Veronique de Rugy: Populist Politicians Aren’t So Divided on Economic Issues

The perspectives and thoughts expressed in this op-ed are the exclusive purview of the author.

The political landscape is often portrayed as deeply polarized. The two sides, it is said, can’t agree on anything. Even worse, if one side supports a position, that’s reason enough for the other to oppose it. While this picture is largely true for cultural issues, the rise of populism on the right is making some of the two parties’ economic policies remarkably similar. That’s bad news for Americans.

In a new piece for The Unpopulist, Rachel Kleinfeld reminds us that until recently it was relatively straightforward to categorize economic and political systems. Economically, they ranged from left-wing to right-wing, while politically, they varied from authoritarian to democratic. Most American businesses could easily stake out their position. They generally favored right-leaning economic policies — relatively free markets — which included business-friendly regulations and management-centric approaches.

American businesses didn’t have to worry much about where the country fell on the authoritarian versus democratic spectrum. While cronyism was always a problem, democratic values remained front and center. That was good for businesses since, as Kleinfeld notes, they have tended to prosper “most under classically liberal democratic systems that upheld the rule of law and inalienable rights — including property rights.”

The recent emergence of right-wing populism has disrupted this traditional classification. Kleinfeld writes that today, “even supposedly right-wing populists exploit distrust, pessimism, and anger to make the case that government should wield a heavy — and often retaliatory — hand in markets.” She is right. Let’s examine a few examples where a shift on the right means they now share traditionally left-wing positions on these issues.

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Both the populist right and left are protectionist when it comes to trade. While the right advocates for protectionism to support national security, preserve manufacturing and maintain national sovereignty, the left supports tariffs and other trade restraints to protect workers’ rights, prevent exploitation in developing countries and reduce environmental impact. Both sides, if for different reasons, favor trade barriers and are skeptical of free-trade agreements. The best evidence is that President Joe Biden has retained most of President Donald Trump’s tariffs.

Similarly, under the misguided excuse of strengthening our economy, both sides now practice an industrial policy that dispenses massive subsidies, tax credits and other government-granted corporate privileges. For instance, the Biden administration’s $52 billion in federal tax breaks and subsidies through the Chips Act to prop up the semiconductor industry, including reports of $40 billion — 77% of the funds — benefiting giant companies like Intel, GlobalFoundries, Samsung and TSMC, was passed in a bipartisan way.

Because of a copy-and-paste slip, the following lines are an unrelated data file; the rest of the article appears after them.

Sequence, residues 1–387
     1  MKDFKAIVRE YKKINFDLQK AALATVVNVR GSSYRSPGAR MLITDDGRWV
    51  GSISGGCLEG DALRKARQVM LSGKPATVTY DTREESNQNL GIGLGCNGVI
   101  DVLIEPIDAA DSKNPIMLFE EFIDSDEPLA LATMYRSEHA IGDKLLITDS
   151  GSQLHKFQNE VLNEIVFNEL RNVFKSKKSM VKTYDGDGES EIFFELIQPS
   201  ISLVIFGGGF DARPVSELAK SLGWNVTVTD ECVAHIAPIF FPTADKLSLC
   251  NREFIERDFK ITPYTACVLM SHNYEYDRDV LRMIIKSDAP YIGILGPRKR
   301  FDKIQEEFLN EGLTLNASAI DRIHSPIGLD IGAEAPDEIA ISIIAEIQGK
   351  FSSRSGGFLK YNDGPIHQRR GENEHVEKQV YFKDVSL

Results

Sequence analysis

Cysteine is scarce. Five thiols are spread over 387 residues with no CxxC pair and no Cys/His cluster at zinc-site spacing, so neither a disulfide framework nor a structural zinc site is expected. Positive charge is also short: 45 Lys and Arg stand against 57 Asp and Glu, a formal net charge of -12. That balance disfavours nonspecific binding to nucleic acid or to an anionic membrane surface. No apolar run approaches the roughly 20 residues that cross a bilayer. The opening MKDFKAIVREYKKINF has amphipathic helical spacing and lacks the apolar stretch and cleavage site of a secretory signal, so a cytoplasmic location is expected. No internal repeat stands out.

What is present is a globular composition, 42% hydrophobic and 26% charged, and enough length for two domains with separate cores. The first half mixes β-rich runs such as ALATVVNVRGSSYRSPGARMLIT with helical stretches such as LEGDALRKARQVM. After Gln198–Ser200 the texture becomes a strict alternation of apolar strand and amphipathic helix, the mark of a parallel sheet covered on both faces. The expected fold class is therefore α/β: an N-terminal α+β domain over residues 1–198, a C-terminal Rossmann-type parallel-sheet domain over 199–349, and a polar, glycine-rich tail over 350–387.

Utterly inconsistently, both sides also express serious distrust in megacorporations. The New Right often views large corporations as part of a “global elite” disconnected from the average citizen and influencing government policies for its own benefit. Meanwhile, the left criticizes these entities for their alleged role in increasing income inequality, opposing workers’ rights and degrading the environment.

As a result, despite throwing money at big businesses with one hand, both sides are bogging down corporations — especially the ones that successfully earn a lot of customers — with the other hand, stacking up regulations or even threatening to break them up with antitrust cases.

Both the New Right and the left reject talks of fiscal discipline. No side wants to reform entitlement programs like Medicare and Social Security even though these programs are becoming insolvent. Both groups support expensive, often excessive and politically popular redistribution to families, including rich ones, in the form of paid-leave programs, child care subsidies or expanded Child Tax Credits.

Another area where the populist right is becoming indistinguishable from the left is support for unions. Traditionally, the right has viewed unions skeptically as helping some workers only by harming others. The New Right, influenced by a focus on the working class, has recently embraced unions as a means of furthering workers’ rights and raising wages.

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This shift bodes poorly for the economy, as populism has a track record of producing results opposite what their proponents promise. As Kleinfeld put it, “When economists Manuel Funke, Moritz Schularick, and Christoph Trebesch studied populist leaders from 1900 to 2020, they found that … after 15 years, a country led by a populist would have a GDP 10% lower than one governed by a non-populist leader” and unfortunately, “modern populists often bask in electoral support.”

While many Americans and commentators are distracted by the apparent political polarization, a significant realignment of sorts is happening among populists. If it solidifies its power, it will be bad news for America’s economy, as well as for our liberties.

Veronique de Rugy is the George Gibbs Chair in Political Economy and a senior research fellow at the Mercatus Center at George Mason University. To find out more about Veronique de Rugy and read features by other Creators Syndicate writers and cartoonists, visit the Creators Syndicate webpage at


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